Since your child is unique, there is a unique approach to parenting them. If you haven’t discovered it yet, certain disciplinary actions work well on some children and don’t even phase other children. Attempts to make one feel loved may not work exactly the same on another child. Each child is motivated by different approaches.
You might have also discovered that if you use the wrong approach on a child, you might actually get the reverse effect for which you were attempting. A good method on the wrong child might produce disastrous results.
In parenting, your job is simply to make disciples. Discipleship is the process of making spiritual infants into spiritual adults. You are growing them up in the faith.
But how does a parent do this? How does this type of intentionality work?
No one made disciples better than Jesus. His example reveals something about his approach – His goal was the same but his approach was different depending upon the person. As He invested in the disciples, He was aware that different strategies worked better on different people.
- When dealing with Peter, Jesus often used a bold rebuke in order to get his attention (Matt. 16:23).
- With James and John, He questioned their desires to get to the heart of their thinking (Matt. 20:22).
- For Thomas, Jesus offered him the proof that he so earnestly desired (John 20:27).
Jesus‘ intentionality worked. Peter, once known for his cowardice (John 18:16-18), would be forever remembered for his boldness as he preached the gospel (Acts 4:19-20). John, formerly called a “Son of Thunder” for his desire to call down a fire in order to consume the unrepentant (Luke 9:54), was later called the “beloved disciple” (John 13:23) who would be known for teaching others concerning the importance of loving one another (1 John 3:11).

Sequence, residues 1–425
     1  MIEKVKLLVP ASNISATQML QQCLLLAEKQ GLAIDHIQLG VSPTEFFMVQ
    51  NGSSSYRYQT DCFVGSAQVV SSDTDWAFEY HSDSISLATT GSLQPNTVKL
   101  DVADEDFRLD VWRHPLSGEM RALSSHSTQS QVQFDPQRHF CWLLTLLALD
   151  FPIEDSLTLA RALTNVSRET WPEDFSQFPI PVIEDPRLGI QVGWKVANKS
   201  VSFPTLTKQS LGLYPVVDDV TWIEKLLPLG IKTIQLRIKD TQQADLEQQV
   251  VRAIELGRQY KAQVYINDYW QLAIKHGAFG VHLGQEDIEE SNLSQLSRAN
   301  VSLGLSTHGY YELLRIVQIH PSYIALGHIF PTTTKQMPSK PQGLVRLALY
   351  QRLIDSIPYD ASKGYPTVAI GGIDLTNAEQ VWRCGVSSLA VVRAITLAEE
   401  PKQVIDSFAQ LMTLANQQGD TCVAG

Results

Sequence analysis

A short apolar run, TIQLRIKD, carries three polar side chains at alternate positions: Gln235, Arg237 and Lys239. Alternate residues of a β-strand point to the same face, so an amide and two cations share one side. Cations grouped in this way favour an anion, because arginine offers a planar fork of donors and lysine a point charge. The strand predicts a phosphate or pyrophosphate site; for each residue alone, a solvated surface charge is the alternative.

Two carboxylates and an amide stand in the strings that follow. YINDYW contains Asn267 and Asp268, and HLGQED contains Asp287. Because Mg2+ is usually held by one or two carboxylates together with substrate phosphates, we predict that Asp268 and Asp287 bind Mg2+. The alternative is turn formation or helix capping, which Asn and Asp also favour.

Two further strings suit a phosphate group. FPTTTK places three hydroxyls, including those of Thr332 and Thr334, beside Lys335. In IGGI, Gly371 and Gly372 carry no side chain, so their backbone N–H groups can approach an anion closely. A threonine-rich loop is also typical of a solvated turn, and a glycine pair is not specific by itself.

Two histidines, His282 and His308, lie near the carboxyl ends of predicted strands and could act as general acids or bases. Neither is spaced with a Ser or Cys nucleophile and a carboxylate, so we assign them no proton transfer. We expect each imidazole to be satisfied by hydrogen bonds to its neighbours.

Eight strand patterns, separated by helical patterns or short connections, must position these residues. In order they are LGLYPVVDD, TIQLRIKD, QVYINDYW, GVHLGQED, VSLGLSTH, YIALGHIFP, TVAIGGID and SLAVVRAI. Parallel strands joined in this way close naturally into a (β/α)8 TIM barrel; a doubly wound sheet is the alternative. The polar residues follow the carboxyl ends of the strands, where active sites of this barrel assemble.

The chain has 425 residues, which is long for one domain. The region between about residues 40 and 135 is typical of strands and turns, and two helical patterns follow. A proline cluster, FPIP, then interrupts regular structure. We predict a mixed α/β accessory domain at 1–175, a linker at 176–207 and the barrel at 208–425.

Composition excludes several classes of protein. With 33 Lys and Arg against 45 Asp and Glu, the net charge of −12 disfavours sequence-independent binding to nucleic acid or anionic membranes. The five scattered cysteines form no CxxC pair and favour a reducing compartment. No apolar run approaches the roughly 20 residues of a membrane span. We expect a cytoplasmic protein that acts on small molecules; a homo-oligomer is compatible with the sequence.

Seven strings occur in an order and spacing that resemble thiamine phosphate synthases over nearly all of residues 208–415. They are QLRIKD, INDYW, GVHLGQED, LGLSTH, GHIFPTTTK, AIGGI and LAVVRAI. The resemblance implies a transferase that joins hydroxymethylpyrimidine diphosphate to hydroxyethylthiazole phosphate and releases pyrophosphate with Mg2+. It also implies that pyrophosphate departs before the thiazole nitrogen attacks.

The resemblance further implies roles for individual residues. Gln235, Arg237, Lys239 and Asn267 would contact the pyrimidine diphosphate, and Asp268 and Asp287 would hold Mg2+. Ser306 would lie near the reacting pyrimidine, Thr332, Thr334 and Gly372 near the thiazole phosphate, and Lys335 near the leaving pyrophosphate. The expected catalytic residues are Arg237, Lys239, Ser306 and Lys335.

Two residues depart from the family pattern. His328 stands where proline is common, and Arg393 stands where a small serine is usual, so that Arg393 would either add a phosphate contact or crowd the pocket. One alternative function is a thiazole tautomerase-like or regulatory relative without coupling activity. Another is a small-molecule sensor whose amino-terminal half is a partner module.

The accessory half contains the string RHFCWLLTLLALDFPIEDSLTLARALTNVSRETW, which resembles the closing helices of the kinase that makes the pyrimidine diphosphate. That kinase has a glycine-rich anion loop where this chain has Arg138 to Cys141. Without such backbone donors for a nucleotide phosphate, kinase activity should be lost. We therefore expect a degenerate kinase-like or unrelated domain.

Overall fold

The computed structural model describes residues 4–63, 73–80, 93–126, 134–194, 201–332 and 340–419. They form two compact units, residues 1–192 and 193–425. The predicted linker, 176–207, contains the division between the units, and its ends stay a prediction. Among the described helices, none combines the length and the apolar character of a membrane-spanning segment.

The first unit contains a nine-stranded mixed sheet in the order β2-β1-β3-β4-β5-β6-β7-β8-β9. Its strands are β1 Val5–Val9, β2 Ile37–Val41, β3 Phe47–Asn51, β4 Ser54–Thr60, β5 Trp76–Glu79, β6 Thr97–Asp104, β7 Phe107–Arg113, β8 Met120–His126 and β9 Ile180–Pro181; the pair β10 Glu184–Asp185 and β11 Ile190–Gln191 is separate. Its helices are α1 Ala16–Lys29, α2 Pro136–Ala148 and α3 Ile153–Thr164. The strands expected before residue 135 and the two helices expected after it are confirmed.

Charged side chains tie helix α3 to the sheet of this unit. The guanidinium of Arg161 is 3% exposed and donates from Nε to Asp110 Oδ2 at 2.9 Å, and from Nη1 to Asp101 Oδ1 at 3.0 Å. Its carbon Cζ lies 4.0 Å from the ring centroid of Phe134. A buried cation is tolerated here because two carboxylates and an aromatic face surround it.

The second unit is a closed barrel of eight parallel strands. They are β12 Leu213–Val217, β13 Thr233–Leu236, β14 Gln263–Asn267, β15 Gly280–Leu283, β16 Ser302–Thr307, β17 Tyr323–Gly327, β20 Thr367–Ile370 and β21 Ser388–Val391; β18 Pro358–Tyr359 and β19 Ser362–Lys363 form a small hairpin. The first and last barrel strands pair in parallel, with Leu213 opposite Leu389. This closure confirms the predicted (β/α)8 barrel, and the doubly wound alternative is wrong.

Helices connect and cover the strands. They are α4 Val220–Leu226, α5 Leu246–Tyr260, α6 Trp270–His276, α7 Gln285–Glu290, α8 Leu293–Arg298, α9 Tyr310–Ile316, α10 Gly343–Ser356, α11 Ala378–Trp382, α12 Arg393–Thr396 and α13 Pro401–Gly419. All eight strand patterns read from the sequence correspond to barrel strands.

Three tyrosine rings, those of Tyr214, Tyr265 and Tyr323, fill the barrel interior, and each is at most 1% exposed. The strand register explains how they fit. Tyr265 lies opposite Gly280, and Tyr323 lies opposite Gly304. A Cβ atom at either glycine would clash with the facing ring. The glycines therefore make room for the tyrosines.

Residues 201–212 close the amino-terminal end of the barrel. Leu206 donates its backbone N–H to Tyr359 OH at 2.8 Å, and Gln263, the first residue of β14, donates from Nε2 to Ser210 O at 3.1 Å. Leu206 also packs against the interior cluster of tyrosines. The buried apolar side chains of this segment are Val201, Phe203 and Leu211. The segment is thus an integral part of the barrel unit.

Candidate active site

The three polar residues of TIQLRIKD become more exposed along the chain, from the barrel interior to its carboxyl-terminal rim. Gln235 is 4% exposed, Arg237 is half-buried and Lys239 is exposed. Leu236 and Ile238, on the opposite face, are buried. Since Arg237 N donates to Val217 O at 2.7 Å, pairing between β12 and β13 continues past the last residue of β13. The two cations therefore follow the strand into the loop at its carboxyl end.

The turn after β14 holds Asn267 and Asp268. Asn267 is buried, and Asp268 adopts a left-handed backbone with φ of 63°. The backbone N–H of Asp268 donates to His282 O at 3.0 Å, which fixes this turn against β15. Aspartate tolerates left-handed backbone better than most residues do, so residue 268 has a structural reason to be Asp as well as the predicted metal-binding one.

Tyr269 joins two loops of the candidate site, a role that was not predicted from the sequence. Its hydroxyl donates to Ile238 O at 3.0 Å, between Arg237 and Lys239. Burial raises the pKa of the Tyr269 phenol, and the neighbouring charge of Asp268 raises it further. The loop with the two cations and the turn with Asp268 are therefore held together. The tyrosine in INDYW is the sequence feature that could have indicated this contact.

Jesus loved them in their current state but crafted them uniquely according to God’s purpose.
As parents, we are called to do the same. Acknowledging how God has shaped them, we are called to affirm who they are but also to work on who they could become.
Search me, God, and know my heart; test me and know my concerns. See if there is any offensive way in me; lead me in the everlasting way. -Ps. 139:23-24
As a parent, you must search your own heart, but you also must study your children. Learn what it takes to spur them on to love and good deeds (Heb. 10:24-25). It will be different from the other children in your home.